This is a semi-popular mathematics book aimed at a broad readership of mathematically literate scientists, especially mathematicians and physicists who are not experts in classical mechanics or KAM theory, and scientific-minded readers. Parts of the book should also appeal to less mathematically trained readers with an interest in the history or philosophy of science.
Read alsoCareer Counseling for African Americans
This book is the first edited volume devoted exclusively to career counseling with African Americans. African Americans are now at parity with the graduation rates of White Americans, yet disparities in employment continue to abound. At the same time the job market is changing and in need of more highly qualified workers, society must begin to…
The scope of the book is broad: it not only describes KAM theory in some detail, but also presents its historical context (thus showing why it was a “breakthrough”). Also discussed are applications of KAM theory (especially to celestial mechanics and statistical mechanics) and the parts of mathematics and physics in which KAM theory resides (dynamical systems, classical mechanics, and Hamiltonian perturbation theory).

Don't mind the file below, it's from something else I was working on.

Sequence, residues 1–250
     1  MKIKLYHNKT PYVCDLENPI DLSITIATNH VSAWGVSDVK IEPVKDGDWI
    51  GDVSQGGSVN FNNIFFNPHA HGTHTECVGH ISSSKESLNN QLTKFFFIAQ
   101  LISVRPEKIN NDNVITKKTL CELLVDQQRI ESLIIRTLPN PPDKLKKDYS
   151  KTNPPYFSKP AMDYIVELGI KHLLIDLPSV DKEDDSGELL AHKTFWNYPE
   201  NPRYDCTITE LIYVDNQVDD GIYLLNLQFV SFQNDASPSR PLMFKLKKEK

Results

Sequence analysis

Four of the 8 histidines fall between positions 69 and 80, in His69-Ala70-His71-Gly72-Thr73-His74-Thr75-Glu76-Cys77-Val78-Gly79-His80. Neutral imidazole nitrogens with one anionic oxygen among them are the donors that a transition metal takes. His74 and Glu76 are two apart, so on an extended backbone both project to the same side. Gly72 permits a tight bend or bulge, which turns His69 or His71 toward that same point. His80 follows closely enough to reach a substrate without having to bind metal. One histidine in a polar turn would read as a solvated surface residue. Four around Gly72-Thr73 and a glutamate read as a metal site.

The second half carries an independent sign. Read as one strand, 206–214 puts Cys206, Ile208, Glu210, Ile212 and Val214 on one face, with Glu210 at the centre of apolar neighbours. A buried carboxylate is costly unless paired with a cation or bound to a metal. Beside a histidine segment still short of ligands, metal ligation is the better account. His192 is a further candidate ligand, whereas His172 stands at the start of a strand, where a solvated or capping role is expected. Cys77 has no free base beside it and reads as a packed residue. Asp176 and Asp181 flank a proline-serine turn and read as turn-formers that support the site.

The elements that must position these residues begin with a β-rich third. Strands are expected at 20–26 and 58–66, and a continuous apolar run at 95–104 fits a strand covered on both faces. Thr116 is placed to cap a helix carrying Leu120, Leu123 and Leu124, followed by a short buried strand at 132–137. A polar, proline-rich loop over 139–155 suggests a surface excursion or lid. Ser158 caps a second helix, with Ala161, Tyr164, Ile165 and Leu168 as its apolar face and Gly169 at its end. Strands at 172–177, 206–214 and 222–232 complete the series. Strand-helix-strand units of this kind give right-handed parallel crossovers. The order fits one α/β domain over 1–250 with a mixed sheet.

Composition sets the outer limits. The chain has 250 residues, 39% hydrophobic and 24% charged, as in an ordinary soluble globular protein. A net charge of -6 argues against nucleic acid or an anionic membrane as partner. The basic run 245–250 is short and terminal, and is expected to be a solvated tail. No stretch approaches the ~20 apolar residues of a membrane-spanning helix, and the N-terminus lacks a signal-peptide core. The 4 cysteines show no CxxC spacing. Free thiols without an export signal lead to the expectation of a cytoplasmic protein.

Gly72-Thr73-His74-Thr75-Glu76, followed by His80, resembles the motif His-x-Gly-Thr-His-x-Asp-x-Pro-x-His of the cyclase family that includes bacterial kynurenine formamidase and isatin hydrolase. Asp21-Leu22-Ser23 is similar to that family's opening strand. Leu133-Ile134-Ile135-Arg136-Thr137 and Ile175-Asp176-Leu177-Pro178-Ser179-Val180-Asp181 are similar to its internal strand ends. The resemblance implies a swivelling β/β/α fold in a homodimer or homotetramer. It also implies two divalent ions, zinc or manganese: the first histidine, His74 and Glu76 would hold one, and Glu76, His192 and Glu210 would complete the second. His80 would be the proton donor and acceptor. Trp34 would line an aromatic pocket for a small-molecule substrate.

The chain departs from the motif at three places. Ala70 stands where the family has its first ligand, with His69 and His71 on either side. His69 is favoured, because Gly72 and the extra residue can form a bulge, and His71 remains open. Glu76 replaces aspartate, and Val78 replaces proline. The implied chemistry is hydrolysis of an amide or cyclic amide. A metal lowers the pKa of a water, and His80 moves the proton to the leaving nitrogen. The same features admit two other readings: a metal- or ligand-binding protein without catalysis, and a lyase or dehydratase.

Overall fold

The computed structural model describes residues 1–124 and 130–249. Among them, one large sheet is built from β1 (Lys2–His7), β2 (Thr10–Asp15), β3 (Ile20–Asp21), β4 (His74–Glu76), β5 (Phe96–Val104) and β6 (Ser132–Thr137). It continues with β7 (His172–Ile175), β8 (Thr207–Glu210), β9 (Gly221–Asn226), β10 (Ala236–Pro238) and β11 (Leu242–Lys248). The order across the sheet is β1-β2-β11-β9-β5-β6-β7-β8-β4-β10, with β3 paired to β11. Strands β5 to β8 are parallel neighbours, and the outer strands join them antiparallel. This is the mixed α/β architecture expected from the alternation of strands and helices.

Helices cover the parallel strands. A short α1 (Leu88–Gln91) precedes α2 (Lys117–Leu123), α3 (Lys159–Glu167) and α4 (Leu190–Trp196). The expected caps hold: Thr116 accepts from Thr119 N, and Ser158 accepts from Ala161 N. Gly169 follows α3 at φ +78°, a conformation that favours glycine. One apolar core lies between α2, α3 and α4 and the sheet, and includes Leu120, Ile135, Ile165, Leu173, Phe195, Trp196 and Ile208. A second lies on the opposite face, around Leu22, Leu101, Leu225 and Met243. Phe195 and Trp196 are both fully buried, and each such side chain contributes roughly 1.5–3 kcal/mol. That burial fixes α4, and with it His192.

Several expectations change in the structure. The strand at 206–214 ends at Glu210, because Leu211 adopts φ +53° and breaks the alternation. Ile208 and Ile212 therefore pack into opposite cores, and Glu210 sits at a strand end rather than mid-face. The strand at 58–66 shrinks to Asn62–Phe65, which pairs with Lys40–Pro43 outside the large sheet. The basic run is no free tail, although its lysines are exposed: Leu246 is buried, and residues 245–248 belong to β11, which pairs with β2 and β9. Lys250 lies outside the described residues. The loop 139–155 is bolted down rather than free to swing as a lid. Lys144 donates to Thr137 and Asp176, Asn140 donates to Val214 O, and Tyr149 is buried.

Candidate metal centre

Although a number of sources on KAM theory are now available for experts, this book attempts to fill a long-standing gap at a more descriptive level. It stands out very clearly from existing publications on KAM theory because it leads the reader through an accessible account of the theory and places it in its proper context in mathematics, physics, and the history of science.Contents:
- Minimum Mathematical Background
- Leading Up to KAM: A Sketch of the History
- KAM Theory
- KAM in Context: Questions, Consequences, Significance
- Other Results in Hamiltonian Perturbation Theory (HPT)
- Physical Applications
- Kolmogorov's 1954 Paper
- Overview of Low-Dimensional Small Divisor Problems
- East Meets West — Russians, Europeans, Americans
- Guide to Further Reading
- Selected Quotations
Readership: Undergraduates, graduates, and researchers broadly interested in Hamiltonian perturbation theory, statistical mechanics, ergodic theory, Nekhoroshev theory, Arnold diffusion, nonlinear dynamics, dynamical systems, chaos theory, classical mechanics, and the history of these subjects.